Implementing an Information Security Awareness Program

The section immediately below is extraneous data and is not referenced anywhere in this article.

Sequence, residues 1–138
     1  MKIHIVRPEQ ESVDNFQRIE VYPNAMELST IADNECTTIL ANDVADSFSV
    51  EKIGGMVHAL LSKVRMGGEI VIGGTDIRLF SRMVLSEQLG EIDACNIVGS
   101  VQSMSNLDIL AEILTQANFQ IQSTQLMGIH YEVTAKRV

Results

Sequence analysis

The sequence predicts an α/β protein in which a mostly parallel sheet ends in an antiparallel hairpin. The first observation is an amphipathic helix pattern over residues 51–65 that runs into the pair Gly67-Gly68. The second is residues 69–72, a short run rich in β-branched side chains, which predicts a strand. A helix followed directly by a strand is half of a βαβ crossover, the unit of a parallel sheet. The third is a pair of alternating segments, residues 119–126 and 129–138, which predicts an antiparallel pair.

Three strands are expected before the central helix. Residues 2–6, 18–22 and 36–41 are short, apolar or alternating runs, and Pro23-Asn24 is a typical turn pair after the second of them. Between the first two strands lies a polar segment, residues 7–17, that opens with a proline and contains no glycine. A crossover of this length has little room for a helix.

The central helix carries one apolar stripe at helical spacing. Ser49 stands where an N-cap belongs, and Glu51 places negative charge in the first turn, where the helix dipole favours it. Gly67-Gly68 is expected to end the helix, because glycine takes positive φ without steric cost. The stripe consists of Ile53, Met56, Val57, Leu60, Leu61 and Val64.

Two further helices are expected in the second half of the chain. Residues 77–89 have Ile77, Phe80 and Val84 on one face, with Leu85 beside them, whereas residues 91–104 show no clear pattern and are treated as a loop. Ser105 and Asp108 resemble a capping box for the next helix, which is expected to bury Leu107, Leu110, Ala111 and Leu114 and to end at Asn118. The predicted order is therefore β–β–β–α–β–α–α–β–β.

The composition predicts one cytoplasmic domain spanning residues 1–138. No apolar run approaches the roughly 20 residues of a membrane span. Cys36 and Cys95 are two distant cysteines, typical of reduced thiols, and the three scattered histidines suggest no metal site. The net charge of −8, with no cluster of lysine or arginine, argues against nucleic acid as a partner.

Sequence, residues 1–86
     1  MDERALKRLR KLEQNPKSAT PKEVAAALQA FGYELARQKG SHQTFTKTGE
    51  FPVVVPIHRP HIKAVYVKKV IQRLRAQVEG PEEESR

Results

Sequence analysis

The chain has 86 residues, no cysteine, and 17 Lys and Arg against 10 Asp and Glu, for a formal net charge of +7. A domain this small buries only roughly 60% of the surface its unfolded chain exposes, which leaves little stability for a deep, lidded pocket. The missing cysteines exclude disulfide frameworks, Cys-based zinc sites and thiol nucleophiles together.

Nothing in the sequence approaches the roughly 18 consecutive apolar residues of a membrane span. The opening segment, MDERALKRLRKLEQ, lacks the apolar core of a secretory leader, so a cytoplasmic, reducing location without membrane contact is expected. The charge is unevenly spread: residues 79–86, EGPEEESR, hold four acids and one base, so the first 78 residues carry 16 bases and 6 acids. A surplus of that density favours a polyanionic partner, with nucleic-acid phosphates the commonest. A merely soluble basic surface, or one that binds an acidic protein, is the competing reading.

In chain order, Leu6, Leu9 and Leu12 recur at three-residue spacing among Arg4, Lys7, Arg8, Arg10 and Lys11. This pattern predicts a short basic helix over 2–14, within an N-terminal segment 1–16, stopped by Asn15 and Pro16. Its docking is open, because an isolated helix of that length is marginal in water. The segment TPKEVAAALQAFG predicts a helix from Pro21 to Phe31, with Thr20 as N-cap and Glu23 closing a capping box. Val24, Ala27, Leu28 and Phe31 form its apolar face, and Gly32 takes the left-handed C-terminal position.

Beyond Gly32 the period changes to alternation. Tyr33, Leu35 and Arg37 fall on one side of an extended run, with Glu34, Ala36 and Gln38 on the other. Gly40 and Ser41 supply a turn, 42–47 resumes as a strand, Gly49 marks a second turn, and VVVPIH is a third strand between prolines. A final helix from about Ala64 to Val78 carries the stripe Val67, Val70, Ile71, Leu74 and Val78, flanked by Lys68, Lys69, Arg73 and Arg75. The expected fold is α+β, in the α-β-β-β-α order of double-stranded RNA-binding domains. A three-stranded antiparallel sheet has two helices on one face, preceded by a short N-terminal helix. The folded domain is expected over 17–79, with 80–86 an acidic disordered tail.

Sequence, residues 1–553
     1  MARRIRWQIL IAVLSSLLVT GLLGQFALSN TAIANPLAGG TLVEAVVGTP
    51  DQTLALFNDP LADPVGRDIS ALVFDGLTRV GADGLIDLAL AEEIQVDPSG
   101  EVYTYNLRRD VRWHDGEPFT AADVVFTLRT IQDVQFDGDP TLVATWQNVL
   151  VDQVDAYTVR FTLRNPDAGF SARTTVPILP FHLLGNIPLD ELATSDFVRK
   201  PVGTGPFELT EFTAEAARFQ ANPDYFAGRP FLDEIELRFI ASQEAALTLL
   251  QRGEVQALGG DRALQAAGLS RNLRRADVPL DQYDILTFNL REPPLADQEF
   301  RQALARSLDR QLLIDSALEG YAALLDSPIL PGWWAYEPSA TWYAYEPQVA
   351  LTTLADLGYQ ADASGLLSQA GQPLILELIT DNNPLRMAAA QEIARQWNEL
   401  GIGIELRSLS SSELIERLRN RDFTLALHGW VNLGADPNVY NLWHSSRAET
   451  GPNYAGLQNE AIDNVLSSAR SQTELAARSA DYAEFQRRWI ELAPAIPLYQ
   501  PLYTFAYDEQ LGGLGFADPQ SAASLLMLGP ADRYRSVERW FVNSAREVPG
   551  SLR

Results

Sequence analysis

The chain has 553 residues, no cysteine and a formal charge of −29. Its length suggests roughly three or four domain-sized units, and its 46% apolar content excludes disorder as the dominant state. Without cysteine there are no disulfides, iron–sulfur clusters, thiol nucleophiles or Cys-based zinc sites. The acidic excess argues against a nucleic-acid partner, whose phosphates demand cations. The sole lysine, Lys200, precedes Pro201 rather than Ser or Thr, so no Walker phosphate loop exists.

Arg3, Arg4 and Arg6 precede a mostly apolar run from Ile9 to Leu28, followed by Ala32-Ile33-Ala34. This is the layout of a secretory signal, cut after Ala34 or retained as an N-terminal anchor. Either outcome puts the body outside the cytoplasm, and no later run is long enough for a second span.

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1 SECURITY MANAGEMENT PRACTICES Implementing an Information Security Awareness Program Thomas R. Peltier, CISSP, CISM An effective information security program cannot be implemented without implementing an employee awareness and training program to address policy, procedures, and tools. Learning consists of three key elements: 1. Awareness, which is used to stimulate, motivate, and remind the audience what is expected of them. 2. Training, the process that teaches a skill or the use of a required tool. 3. Education, the specialized, in-depth schooling required to support the tools or as a career development process. The article addresses the elements that make up a successful information security awareness program. It addresses the role that organization personnel play in the information security program and how to use this information to one s benefit. It also discusses how to establish awareness program scope, how to segment the audience, and how to ensure that the content is effective in getting the message to the user community. INTRODUCTION The development of information security policies, standards, procedures, and guidelines is only the beginning of an effective information security program. A strong security architecture will be rendered less effective if there is no process in place to make certain that the employees are made aware of their rights and responsibilities with regard to organization information assets. All too often, security professionals implement the perfect security program, and then are surprised that it fails because they forgot to sell their product to their constituents. To be successful, the information security professional must find a way to sell this product to the customers. For years I have heard information security professionals discuss their jobs in terms of overhead, as if this is some evil thing. Nearly every employee within an enterprise is overhead. Even the CEO, CFO, CTO, and CIO are all overhead. However, they have learned what we need to learn, and that is that we all add value to the bottom line of THOMAS R. PELTIER, CISSP, CISM, is principal of Peltier and Associates (www.peltierassociates. com), an information security consulting and service firm. He can be reached at 37